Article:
Past Paid Bounties

Past paid bounties

This list includes valid submissions from past and current contract versions for which a bounty has been paid.

Potential suicide of MultiSend library

We use a MultiSend (opens in a new tab) library to batch multiple transactions together. A transaction could be created that would self-destruct the contract. While this would not have put any funds at risk, user experience would have been seriously impacted.

We've updated the library as well as our interfaces. Details about the fix can be found on GitHub (opens in a new tab).

This bug was submitted by Micah Zoltu (opens in a new tab). It was regarded as a "Low Threat," and a bounty of 1,000 USD has been paid out.

Transaction failure when receiving funds via transfer or send

Since the beginning of the bug bounty period, the contract update has been live on the Ethereum Mainnet. We performed extensive internal testing and discovered an edge case where a Safe couldn't receive funds from another contract via send or transfer. This was due to additional gas costs caused by the emission of additional events (opens in a new tab) and gas price changes (opens in a new tab) in the latest hard fork. This issue has been fixed, and more details can be found on GitHub (opens in a new tab).

Duplicate owners during setup could render Safe unusable

A bug in the setupOwners function on OwnerManager.sol allows duplicate owners to be set when the duplicated address is next to itself in the _owners array. This could cause unexpected behavior. While stealing funds from existing Safes is impossible, it's unexpected, and user funds might be locked. During Safe creation, the threshold of a Safe could be set to something unreachable, making it impossible to execute a transaction afterward.

The Safe interfaces prevent this by checking for duplicates, but if users directly interact with the contracts, this can still happen. The issue is tracked on GitHub (opens in a new tab).

This bug was submitted by David Nicholas (opens in a new tab). It was regarded as a "Medium Threat," and a bounty of 2,500 USD has been paid out.

Setting a Safe as an owner of itself essentially reduces the threshold by 1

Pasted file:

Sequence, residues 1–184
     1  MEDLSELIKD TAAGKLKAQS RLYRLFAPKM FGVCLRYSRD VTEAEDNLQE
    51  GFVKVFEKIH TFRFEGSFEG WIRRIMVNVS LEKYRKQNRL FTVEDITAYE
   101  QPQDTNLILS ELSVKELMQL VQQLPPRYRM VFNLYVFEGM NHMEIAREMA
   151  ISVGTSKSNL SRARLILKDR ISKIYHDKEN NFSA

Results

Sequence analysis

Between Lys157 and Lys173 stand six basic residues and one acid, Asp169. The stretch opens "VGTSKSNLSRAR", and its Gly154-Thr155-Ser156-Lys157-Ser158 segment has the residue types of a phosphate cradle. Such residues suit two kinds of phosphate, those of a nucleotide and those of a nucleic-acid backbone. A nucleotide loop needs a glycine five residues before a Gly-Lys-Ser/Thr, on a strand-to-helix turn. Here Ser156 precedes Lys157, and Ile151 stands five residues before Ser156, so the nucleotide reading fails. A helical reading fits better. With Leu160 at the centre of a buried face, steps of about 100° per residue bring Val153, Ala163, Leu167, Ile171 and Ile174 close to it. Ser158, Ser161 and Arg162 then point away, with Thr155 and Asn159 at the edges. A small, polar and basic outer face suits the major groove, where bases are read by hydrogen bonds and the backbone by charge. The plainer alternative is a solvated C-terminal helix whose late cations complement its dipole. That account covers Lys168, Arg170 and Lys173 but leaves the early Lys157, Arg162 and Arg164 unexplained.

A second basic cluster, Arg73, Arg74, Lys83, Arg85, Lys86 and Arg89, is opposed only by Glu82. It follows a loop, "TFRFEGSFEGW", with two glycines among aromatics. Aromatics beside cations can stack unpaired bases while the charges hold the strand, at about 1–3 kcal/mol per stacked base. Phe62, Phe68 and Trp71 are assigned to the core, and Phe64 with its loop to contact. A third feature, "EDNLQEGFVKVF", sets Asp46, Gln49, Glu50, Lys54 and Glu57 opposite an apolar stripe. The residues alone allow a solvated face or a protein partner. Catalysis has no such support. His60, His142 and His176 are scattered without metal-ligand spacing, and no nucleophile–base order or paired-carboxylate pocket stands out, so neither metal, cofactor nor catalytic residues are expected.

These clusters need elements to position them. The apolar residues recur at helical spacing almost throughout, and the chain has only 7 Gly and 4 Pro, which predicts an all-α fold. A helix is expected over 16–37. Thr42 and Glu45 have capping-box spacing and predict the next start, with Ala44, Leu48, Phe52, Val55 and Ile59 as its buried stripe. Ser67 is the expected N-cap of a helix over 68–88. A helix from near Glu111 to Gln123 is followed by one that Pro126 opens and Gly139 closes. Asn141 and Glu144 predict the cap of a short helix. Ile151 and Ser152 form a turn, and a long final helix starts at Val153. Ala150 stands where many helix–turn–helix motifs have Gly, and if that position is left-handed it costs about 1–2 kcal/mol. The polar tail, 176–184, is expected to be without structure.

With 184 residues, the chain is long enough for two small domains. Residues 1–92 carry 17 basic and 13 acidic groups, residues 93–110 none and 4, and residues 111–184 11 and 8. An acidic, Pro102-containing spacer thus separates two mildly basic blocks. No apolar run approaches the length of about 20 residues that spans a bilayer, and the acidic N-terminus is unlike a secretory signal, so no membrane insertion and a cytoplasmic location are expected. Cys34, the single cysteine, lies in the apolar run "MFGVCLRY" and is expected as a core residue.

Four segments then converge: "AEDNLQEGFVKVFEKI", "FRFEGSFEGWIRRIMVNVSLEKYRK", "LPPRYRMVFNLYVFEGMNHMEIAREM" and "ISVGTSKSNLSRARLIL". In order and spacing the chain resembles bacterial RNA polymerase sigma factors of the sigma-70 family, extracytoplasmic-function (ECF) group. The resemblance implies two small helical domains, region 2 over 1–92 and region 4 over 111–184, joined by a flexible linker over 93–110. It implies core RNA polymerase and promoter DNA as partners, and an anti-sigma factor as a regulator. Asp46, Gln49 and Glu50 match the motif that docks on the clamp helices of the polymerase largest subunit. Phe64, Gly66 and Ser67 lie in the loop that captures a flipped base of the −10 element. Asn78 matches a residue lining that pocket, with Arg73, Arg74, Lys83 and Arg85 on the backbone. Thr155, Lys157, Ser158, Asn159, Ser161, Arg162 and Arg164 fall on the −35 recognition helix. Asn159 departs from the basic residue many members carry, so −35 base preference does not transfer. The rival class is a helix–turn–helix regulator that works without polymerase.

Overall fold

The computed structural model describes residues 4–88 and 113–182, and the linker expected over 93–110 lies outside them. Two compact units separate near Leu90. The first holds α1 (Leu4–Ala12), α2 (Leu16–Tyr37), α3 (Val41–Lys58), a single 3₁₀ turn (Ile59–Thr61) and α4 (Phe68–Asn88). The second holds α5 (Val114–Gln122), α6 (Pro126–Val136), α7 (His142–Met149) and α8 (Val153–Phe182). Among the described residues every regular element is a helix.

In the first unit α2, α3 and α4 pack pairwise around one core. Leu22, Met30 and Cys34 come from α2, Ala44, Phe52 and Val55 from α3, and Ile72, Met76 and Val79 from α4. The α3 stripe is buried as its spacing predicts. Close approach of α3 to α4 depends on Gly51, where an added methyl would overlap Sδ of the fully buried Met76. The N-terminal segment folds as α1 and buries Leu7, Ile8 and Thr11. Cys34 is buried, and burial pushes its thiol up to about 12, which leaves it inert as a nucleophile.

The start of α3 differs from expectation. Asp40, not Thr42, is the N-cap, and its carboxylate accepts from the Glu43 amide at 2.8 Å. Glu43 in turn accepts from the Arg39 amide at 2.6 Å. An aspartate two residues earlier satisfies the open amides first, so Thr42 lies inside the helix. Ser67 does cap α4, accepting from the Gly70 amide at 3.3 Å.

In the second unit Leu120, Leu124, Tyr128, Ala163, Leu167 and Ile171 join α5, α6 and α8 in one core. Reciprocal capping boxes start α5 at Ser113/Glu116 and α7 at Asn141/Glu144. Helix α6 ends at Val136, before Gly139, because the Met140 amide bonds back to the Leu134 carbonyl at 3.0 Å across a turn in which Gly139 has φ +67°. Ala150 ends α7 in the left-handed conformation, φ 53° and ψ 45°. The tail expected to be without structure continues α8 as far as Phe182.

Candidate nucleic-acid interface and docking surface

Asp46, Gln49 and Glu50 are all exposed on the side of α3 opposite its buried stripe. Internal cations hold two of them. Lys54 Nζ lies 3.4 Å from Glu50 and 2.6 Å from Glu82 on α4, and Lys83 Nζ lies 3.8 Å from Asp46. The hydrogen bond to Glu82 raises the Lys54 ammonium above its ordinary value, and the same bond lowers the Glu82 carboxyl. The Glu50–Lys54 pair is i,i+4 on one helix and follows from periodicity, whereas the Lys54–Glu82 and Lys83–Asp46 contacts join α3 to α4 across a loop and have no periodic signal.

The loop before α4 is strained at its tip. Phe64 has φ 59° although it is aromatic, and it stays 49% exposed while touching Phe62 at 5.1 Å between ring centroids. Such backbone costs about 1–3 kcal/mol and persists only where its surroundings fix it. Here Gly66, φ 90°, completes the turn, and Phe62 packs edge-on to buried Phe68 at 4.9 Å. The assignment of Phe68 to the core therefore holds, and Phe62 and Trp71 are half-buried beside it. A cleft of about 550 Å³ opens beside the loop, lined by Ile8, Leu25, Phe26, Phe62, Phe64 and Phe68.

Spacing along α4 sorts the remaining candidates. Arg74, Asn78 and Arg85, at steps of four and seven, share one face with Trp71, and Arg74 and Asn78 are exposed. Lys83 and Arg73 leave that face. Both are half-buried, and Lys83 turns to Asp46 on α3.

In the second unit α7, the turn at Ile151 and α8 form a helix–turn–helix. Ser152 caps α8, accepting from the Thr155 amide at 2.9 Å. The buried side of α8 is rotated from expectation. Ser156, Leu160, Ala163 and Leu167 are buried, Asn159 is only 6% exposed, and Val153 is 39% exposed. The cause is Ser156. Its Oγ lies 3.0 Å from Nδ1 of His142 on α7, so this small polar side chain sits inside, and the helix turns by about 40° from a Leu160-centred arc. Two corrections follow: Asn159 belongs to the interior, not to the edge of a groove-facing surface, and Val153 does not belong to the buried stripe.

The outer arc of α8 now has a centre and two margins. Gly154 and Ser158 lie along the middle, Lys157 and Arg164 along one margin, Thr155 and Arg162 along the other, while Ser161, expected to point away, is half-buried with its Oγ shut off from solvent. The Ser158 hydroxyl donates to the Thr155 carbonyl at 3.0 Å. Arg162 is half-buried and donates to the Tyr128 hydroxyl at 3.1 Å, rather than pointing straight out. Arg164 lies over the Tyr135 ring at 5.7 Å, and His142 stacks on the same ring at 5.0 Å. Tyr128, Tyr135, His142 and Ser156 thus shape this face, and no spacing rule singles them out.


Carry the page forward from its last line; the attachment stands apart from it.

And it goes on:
The contracts allow to set a Safe as an owner of itself. This has the same effect as lowering the threshold by 1, as it's possible for anyone to generate a valid signature for the Safe itself when triggering execTransaction. This is especially an issue for Safes with a threshold of 1. Anyone can execute transactions if a Safe with threshold 1 adds itself as an owner.

To our knowledge, there is no actual use case where it would make sense to set a Safe as an owner of itself. Hence, only a few number of Safes used themselves as owners. Most of these Safes could be contacted, and the Safe has been removed as an owner. The Safes still affected are Safes used for testing by us or Safes owned by a single owner with a threshold > 1 (so no immediate risk).

To fix this, the next contract update will prevent the Safe as its owner via require(owner != address(this), "Safe can't be an owner"). This check can be performed when adding owners and/or when checking signatures.

Details about this issue can be found on GitHub (opens in a new tab).

The bug was submitted by Kevin Foesenek (opens in a new tab). It was regarded as a "Medium Threat," and a bounty of 5,000 USD has been paid out.

The function getModulesPaginated doesn't return all modules

The method getModuledPaginated (opens in a new tab) is used to return enabled modules page by page. For this, a start and a pageSize need to be specified, and the method will return an array of Safe Module addresses and next. This next can be used as the start to load the next page. When another page exists, then next is a module address. This module address, however, won't be present in any of the returned arrays. While this doesn't put any user assets at risk directly, it could lead to a wrong perception of the enabled modules of a Safe and, thereby, its state.

The workaround is to append the next to the returned array of module addresses if it's not the zero or sentinel address. Alternatively, the last element of the returned array can be used as the start for the next page.

This bug was submitted by Renan Souza (opens in a new tab). It was regarded as a "Low Threat," and a bounty of 2,000 USD has been paid out.

Signature verification does not enforce a maximum size on the signature bytes

The function checkNSignatures (opens in a new tab) does not enforce a size limit on the signature bytes. This means that they can be padded with arbitrary data. This can be used by manipulating the signatures by padding them with additional data while remaining valid and, since the signatures bytes get copied from calldata into memory, increase the total gas consumption of the checkNSignatures function. This is an issue when the Safe is combined with the ERC-4337 module (opens in a new tab), where the account pays the gas costs for the ERC-4337 user operation. A malicious relayer can grief the account by padding the signatures bytes to include extra 0s, causing the account to pay more fees than it would have with optimally encoded signatures bytes.

The workaround is to set a strict verificationGasLimit for ERC-4337 user operations. This would set a strict upper bound on how much gas can be paid during signature verification and limit the potential additional fees.

This bug was submitted by Adam Egyed (opens in a new tab). It was regarded as a "Low Threat," and a bounty of 1,000 USD has been paid out.

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